This book is experimental and practical rather than theological. But since every scriptural experience must be based on the truth apprehended by the intellect, there should be a clear and scientific statement of this truth. Hence the first few chapters of this volume on the various offices of the Holy Spirit are filled with arguments in proof of His personality and divinity, after the style of the systematic theologians. The scriptural proof texts will be found in the notes.
One of the favorable signs of the times is the increasing number of books on the Holy Spirit. Quite an extended examination of these recent volumes reveals in nearly all of them one obvious defect, the omission of the direct witness of the Spirit to the believer's adoption into the family of God, and His agency in entire sanctification in this life. In guarding against these omissions, we ourselves may have omitted some important topics in a theme so vast as that which is the subject of this volume. If we have done so, we ask the forbearance of the Christian public for our inadequate treatment of a theme which has occupied our thoughts during more than a quarter of a century. As we advanced the subject enlarged in our thought until we had transcended the limits of a single volume. For this reason a long chapter in eight sections on "Assurance Through the Spirit" has been reluctantly omitted. It may be the Lord's will that my life be so prolonged as to enable me to expand it into a future volume. If this be so, in the words of St. Peter, "I will endeavor that you may be able after my decease to have these things always in remembrance."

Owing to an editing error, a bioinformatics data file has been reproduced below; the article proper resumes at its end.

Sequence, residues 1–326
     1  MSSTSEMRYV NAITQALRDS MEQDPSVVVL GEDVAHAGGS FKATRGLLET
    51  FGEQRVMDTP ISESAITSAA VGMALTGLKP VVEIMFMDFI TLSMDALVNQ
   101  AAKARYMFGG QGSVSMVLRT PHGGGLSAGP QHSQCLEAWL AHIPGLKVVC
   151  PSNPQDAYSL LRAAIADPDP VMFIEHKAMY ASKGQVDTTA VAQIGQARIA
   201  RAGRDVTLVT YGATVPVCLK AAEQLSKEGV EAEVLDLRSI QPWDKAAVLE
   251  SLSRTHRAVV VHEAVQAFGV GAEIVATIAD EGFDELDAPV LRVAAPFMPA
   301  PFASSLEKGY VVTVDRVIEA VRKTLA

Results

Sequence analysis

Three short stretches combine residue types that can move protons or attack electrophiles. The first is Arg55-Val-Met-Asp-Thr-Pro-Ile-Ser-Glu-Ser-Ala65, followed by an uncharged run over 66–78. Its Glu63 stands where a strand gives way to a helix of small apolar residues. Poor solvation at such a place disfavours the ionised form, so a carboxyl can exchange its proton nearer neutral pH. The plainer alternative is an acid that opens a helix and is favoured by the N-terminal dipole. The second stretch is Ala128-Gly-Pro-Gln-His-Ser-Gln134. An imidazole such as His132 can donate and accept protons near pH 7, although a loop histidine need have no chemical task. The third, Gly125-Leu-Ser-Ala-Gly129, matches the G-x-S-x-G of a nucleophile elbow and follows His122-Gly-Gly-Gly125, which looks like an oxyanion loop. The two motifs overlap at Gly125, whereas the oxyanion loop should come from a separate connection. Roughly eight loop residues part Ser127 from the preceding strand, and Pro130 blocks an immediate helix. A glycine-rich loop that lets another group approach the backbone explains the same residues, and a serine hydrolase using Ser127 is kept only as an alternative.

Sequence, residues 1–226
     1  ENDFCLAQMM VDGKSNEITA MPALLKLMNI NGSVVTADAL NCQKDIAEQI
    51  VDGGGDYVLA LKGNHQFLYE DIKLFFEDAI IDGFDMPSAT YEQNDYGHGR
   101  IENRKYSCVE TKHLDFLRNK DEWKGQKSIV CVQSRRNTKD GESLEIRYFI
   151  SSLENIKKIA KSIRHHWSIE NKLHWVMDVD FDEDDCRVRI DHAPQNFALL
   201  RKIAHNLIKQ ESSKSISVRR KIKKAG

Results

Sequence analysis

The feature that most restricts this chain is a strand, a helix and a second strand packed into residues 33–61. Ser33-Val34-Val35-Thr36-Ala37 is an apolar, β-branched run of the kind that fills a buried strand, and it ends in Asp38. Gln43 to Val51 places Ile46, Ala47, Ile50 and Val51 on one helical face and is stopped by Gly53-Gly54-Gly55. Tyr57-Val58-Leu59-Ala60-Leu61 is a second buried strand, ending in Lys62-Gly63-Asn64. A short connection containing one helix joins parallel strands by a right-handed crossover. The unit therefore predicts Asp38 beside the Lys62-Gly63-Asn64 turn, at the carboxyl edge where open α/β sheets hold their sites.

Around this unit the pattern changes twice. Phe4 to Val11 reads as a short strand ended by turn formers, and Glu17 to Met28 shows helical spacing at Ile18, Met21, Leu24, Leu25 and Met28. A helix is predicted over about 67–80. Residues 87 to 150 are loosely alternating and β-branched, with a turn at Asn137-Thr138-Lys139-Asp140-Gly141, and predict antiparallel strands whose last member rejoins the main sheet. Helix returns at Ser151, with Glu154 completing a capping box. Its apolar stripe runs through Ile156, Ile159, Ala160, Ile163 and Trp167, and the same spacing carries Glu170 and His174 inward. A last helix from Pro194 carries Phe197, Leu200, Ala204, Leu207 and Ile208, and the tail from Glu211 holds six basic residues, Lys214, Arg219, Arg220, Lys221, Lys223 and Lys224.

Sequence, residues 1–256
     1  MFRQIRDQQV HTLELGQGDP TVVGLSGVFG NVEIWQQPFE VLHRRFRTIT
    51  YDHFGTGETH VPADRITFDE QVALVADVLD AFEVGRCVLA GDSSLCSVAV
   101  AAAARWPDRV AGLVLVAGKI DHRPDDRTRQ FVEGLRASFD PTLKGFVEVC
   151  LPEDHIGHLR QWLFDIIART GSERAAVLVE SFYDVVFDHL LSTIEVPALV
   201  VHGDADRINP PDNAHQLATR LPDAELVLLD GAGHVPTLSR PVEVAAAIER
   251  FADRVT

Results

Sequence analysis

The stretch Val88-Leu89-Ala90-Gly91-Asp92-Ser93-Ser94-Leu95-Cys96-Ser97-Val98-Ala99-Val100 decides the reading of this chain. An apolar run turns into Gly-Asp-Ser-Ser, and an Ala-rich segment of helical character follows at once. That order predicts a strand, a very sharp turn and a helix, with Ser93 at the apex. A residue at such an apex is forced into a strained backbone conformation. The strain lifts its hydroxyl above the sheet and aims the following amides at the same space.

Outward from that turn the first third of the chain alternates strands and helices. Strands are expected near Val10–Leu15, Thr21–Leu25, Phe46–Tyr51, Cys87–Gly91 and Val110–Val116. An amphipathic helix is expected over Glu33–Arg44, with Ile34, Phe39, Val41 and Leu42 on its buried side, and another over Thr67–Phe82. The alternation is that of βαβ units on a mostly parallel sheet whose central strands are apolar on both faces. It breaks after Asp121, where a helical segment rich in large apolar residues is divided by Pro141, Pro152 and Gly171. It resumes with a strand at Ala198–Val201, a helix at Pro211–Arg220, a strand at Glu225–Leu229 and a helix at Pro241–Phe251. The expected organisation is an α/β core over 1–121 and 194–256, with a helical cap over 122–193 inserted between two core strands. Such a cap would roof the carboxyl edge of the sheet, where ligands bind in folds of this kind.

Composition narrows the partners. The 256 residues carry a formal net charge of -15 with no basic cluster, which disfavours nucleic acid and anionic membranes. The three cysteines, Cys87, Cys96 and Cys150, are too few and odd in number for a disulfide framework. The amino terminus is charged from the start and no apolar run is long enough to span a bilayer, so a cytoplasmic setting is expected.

MILTON, MASS., Nov. 8, 1897.